No Underage Understanding, Part 2

| IL, USA | Working | July 21, 2017

(I’m the guilty party in this story. Our restaurant has a fairly loose policy with checking IDs. If they look 40 or under, we card, but I’m terrible with guessing ages. Two women sit down at a table. They’re both obviously over 21, one roughly in their 30s and the other in her 40s, or so I think. One looks much younger than the other, so when I take their orders I only ask one for ID.)

Customer #1: “I’ll have a Bud Light.”

Customer #2: “I’ll have the same.”

Me: *to [Customer #1]* “Okay, I just need to check your ID.”

Customer #1: *stares at me and rolls eyes, but starts to pull her ID out anyway, turning to her friend* “Ugh. Every. Time. I don’t look THAT young.”

Me: *I see this and am feeling embarrassed* “I’m sorry, I know. You’re obviously over 21.” *she shoots me another look and I feel even worse* “No, I mean.. uh… sorry! I just mean you don’t look like a child… erm… You look under forty, so we have to card anyone under forty to make sure. I mean, you could take it as a compliment… I’m sorry. I don’t mean… I’m going to go get your drinks now.”

Customer #2: *laughs* “That’s okay. It’s just a sore subject for her. She’s fine. You’re just doing your job!”

(Customer #1 however, still doesn’t look like she’s pleased.)

Customer #1: *grumbling more to herself than anything* “I’ve been over 40 for three years now…”

(I felt terrible about it for the rest of the night and learned my lesson — just card everyone at the table next time! Luckily after that, someone else served an underage kid alcohol with an officer present, so we had to start carding EVERYONE that didn’t look like they were ready to retire. Then I had an extra good excuse.)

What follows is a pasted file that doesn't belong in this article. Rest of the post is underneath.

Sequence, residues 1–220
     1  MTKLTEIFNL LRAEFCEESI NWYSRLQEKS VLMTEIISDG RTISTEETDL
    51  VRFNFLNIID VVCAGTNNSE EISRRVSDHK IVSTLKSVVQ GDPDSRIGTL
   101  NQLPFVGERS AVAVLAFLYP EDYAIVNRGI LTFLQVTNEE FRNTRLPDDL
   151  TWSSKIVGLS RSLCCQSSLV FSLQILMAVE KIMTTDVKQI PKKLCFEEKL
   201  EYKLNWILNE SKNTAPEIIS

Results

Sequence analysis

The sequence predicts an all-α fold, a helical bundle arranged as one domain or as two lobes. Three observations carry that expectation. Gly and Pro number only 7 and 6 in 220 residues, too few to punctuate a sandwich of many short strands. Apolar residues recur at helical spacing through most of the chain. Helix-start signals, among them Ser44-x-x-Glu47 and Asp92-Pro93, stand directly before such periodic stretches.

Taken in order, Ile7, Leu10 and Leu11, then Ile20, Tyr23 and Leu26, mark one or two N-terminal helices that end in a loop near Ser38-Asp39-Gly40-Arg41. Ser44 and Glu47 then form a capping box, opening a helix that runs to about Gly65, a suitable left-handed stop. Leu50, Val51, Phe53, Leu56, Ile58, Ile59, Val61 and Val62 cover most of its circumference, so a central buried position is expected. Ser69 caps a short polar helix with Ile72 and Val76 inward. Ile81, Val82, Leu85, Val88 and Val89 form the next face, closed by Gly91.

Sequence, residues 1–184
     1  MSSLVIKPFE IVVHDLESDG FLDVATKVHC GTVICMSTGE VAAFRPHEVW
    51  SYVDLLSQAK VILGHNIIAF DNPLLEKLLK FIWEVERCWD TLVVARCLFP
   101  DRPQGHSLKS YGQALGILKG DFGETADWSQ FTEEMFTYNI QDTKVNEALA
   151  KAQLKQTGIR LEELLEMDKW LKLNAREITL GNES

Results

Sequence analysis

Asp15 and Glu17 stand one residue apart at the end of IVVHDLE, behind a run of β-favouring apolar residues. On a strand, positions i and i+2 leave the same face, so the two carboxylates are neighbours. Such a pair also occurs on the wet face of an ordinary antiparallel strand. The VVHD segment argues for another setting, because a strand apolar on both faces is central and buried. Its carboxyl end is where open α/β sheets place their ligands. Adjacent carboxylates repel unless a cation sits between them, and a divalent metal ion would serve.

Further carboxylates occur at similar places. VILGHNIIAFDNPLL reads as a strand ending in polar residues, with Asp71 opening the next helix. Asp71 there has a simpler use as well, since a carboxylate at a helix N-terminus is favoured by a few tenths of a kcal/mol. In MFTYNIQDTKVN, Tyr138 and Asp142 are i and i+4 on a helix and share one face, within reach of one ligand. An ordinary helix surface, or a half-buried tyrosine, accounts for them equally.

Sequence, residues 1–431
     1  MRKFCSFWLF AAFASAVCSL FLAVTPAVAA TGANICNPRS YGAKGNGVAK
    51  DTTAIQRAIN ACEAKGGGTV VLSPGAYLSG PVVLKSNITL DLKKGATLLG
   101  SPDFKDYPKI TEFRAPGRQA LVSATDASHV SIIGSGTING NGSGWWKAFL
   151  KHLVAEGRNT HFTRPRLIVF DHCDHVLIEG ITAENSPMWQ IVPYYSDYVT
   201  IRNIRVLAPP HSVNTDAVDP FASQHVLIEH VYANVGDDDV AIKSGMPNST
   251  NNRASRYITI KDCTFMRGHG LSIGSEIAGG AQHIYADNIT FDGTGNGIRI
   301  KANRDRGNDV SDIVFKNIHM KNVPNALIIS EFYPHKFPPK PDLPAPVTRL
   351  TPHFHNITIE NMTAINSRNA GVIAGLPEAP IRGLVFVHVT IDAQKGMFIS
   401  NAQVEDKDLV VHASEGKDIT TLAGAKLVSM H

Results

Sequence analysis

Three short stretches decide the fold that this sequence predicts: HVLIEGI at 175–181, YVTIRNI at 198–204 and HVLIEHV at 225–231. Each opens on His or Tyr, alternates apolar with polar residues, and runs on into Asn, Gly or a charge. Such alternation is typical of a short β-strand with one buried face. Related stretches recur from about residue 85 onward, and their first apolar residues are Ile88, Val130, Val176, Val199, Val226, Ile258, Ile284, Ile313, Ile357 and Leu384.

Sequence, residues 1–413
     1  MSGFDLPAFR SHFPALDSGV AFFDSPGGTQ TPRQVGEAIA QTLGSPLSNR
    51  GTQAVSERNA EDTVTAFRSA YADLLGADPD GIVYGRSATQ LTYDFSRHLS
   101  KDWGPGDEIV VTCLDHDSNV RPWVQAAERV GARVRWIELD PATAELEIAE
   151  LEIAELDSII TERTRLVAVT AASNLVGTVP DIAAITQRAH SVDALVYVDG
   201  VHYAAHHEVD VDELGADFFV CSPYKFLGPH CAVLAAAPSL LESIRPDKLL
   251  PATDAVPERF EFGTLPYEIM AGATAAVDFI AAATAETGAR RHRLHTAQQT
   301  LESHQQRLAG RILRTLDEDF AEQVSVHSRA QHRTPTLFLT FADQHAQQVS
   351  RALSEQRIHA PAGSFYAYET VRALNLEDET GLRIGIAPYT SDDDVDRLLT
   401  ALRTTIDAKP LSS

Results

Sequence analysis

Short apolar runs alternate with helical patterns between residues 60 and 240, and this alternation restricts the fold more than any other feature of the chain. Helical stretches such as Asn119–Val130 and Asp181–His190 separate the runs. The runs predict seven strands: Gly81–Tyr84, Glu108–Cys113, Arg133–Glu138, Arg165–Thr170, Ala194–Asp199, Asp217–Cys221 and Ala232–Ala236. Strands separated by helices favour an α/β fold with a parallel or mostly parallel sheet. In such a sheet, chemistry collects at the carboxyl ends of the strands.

Related:
No Underage Understanding

Shifting Away From A Decent Human Being

, | St. Thomas, ON, Canada | Working | July 20, 2017

(My grandmother had gone into the hospital at Christmas time and in early January we get the news that she has late-stage pancreatic cancer, and probably only has a few months to live. On my next shift, I go to talk to the general manager about it.)

Me: “I just found out that my grandmother has cancer. She’s in the hospital and they’re saying that she probably won’t have more than a few months. When that happens, what do I do about time off to grieve and go to the funeral?”

General Manager: “I’m sorry to hear that. The government does mandate bereavement leave, but only to immediate family members, so a grandparent wouldn’t count. But don’t worry, [My Name], when the time comes, come to me and I’ll help you get the shifts covered so you can have the time you need.”

Me: “Thanks, [General Manager]. I really appreciate it.”

(Fast forward to late March, and I get a terrible voicemail from my father asking me to call him back. I can tell he’s upset, and I just know that she’s gone. I leave one for him, but in case that’s not the problem, I head to work. I’m doing my best, but half my mind is on that voicemail, so I’m really not doing a great job at getting the store opened. Ten minutes after the doors open, my boyfriend comes in and he doesn’t even need to say anything. While he’s consoling me, I can hear the shift manager switching my till out with someone else’s and counting it off for me, and telling my boyfriend to take me home. I have a day off in between, so when I come in:)

Me: “Hi, [General Manager]. I assume you heard from [Shift Manager] that my grandmother passed away the day before yesterday.”

General Manager: “Yes, I heard she sent you home and covered your shift. She shouldn’t have had to do that. That is your responsibility.”

Me: *somewhat taken aback* “Yes, under normal circumstances, but the death of a family member can hardly be called normal circumstances. Either way, I came to ask for the help you promised me to find a replacement my shift for the day of the funeral, which is [date].”

General Manager: “But my stag do is this week. I don’t have time to be calling around for you; you’ll just have to do it yourself.”

Me: *speechless*

General Manager: “Oh, and I have a write up here for you leaving early the other day. It is not our responsibility to fill your shifts; you need to do that yourself. You’ll have to sign it.”

Me: *finally finding the power of speech* “Nope, not signing that. I refuse to sign a document that says I was in the wrong for having to take the time to grieve for my grandmother. And you’re seriously not going to fill my shift for me? Considering how understaffed we are, who am I going to find to replace it?”